A Bed Sheet, a Cat & Baby Jesus

A Bed Sheet, a Cat & Baby Jesus

Processed with VSCOcam with t1 presetWhen I was younger (I’m a bit embarrassed to admit by younger I mean twelve, not four), I would stage Christmas “pageants” for my family every year after Christmas lunch. I wrangled my poor brother and sister into being my actors and since it was just the three of us and I had to do the “directing,” they each played multiple roles. Gracie would be Mary and a wise man and an angel and an animal… Taylor would be Joseph, two wise men, a shepherd… you get the idea. There were props and I even put my dad’s reading lamp to good use as a spotlight. I carefully culled my parent’s cassette collection selecting the perfect song to go with each scene. Amy Grant’s “Tender Tennessee Christmas” made it into the repertoire one year, a decision that seems perfectly prophetic now, but my very favorite song, the pinnacle of my little home-spun production, was Sandi Patty’s “O Holy Night.”

The most infamous rendition of Sandi’s “O Holy Night” featured my sister’s gray cat Stormy as the Baby Jesus. Gracie, aka Mary, held the furry Baby Jesus, the lights were dim, a single light shone down on the mother and child, er, cat, and I held my breath. It was beautiful. And then Sandi hit her final note, “Diviiiiiiiiiiiiiiiiiiiiiiiiiiine!!!!!” And with that, Stormy decided she had had enough. She darted from the swaddling clothes, leaped out of the arms of the loving Mary and ran hissing out of the living room. It was Oscar-worthy for sure.

I can’t believe my poor siblings put up with this year after year, but I loved every minute of it. This morning, Lydia asked if I could help her create a manger for Baby Jesus (who looks a lot like Baby Tiana, thank you, Disney.) I laughed and almost sent my small group an email knowing they always get a good laugh when I tell them stories of my “productions.” A few minutes later armed with an old bed sheet, a Pottery Barn shower curtain and a motley crew of stuffed animals  we created our own little version of “O Holy Night.” And, as if on cue, Pandora started playing “O Holy Night.” It was the Glee version, not Sandi Patty, but pretty perfect nonetheless.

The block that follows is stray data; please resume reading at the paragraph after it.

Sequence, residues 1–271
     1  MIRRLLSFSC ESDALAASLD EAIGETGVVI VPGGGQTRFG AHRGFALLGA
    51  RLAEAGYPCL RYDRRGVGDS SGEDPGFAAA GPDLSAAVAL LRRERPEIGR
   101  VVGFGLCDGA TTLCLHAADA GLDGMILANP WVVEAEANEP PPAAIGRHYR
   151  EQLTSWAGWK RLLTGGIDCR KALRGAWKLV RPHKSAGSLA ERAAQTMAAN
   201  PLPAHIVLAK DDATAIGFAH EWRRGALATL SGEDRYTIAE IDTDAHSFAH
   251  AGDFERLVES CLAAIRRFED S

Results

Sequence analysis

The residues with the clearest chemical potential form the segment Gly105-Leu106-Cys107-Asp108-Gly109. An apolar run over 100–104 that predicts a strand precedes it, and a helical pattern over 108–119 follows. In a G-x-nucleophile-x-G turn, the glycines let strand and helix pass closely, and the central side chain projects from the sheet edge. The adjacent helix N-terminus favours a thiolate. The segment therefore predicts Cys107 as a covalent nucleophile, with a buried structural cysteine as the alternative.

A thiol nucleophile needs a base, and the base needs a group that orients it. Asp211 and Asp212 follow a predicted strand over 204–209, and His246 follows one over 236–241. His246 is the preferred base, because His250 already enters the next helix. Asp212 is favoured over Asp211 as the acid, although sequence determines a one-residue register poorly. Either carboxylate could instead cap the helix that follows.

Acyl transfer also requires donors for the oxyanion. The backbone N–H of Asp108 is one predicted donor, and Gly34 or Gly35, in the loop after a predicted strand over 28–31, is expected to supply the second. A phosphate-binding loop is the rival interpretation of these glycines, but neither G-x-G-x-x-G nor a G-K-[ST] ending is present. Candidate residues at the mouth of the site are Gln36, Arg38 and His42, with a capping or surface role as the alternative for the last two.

The past couple years, I’ve attempted to do the 25 Days of Christmas, and by Day 4 I’m pulling out my hair. This year I decided I wasn’t going to put that pressure on myself. Although yesterday, I tried to make these cute twig ornaments like my crafty, talented friend Kimmie did, and it was an epic hot-glue-in-my-hair-burn-my-fingers-twigs-fell-apart mess. So maybe instead of decorating sugar cookies we’ll hit up Muddy’s for a Grinch cupcake (key lime… so yum!) and instead of making adorable ornaments we’ll wear shower curtains as head dresses, but when I see Lydia’s eyes glimmer from the light of the candles on the advent wreath every night or when I walk by our nativity and see that she has moved all the animals so they are looking right over Baby Jesus, I know one thing… that feeling I had as a child when Sandi Patty hit that last note, that sense of awe and wonder at my Savior, she’s getting it. O Holy Night, indeed.

IMG_8199